For many, the idea of starting a small farm is exciting. You might live in a city and have access to land, making it ideal for selling those organic vegetables to people who can’t usually access something so fresh. Or maybe you’re just starting out looking for the farm of your dreams. Here are a few things to consider for your farm business.
Like everything in life, you have to learn about something before you do it. Although trial and error can really be beneficial, farming isn’t one of those areas. For example, if you don’t know the difference between some oil pumps, you might get the wrong one, click here to learn more about oil pumps. You need to know the correct way to raise sheep, and what’s the best way to get the most yield for the space that you have. Which months are the best for radishes and how expensive are goats? Which tractor will be best for you? There is a lot to learn about.
The Type of Farm
Are you thinking about a hobby farm, Homestead, or a small farm business? You’re going to have to do some soul-searching because once you’re dedicated and have planted the seeds and purchased the animals, you’re all in. Running a small farm, as a business, and having a Homestead do go hand-in-hand.
Because you can learn the ropes and sell excess fruits, vegetables, and animal meat or byproducts if you feel like it.
You will have to decide whether the small farm is growing food for your own consumption, and then selling the excess, or with the idea that you will always have plenty, and take them to farmers markets, local restaurants, and other distributors.
Will you put your produce into fresh produce boxes, the type to get delivered on a Sunday morning filled with local fresh fruits and vegetables? Take time to write your business plan, it will be one of the most essential things in the run-up to launching your farm produce business.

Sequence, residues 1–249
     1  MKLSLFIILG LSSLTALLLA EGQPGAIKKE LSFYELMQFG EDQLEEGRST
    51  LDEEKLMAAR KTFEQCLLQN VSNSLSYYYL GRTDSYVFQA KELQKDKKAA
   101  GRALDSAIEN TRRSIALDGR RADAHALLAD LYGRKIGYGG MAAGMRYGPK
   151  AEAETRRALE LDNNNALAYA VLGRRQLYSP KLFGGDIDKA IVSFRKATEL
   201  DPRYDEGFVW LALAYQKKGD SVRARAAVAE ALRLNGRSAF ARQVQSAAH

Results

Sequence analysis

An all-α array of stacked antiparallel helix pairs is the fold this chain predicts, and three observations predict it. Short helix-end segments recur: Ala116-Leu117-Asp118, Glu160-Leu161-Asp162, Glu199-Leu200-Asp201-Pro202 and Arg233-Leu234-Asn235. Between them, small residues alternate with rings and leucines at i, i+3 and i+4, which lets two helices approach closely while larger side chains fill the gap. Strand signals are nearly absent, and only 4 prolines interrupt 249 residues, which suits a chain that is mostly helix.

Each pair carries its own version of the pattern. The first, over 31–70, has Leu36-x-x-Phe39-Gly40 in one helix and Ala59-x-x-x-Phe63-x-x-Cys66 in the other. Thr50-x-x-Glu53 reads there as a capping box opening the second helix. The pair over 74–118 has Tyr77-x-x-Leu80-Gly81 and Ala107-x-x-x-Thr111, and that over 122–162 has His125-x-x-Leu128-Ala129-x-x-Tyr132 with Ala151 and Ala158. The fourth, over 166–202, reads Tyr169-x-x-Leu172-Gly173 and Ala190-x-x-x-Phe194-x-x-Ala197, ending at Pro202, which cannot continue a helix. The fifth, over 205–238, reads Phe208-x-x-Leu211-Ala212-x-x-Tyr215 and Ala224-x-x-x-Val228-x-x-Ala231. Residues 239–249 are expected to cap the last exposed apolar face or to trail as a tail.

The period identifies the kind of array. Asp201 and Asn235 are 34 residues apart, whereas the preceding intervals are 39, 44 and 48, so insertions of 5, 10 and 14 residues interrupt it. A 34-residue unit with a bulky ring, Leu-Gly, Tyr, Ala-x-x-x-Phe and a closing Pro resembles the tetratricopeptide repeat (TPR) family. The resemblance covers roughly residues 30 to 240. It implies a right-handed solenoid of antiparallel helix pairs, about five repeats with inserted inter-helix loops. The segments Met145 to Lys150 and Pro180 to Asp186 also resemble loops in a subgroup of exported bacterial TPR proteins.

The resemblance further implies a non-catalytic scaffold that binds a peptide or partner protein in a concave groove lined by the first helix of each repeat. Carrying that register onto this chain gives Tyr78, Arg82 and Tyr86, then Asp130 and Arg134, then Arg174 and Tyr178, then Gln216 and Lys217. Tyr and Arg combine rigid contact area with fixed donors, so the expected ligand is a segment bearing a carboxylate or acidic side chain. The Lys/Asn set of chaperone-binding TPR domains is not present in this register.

All businesses are competitive, but you need to have conversations with people who live it now. They will be able to tell you the most difficult things they go through, what sells what doesn’t and the actual cost of keeping your farm running every week. From purchasing the right tractor, making sure that you plant your seeds in the right season, all of it’s going to matter.
If you haven’t already purchased land or your farm, you have the luxury to make notes and write ideas down. For example, what kind of layout do you see in the green fields? Do you see sheep on one side and rhubarb on the other, would you like a small gaggle of goats, pigs, or maybe your entire field is filled with broccoli. Do you like the idea of specializing in one item like an alternative crop that isn’t usually found in the shops, or will you be doing a little bit of everything to cover a larger piece of the market?
Starting a farm business can be a complete labor of love, but when your vegetables start sprouting and going off to new homes in restaurants and served upon the plates of happy customers, you’ll know that your hard work has paid off.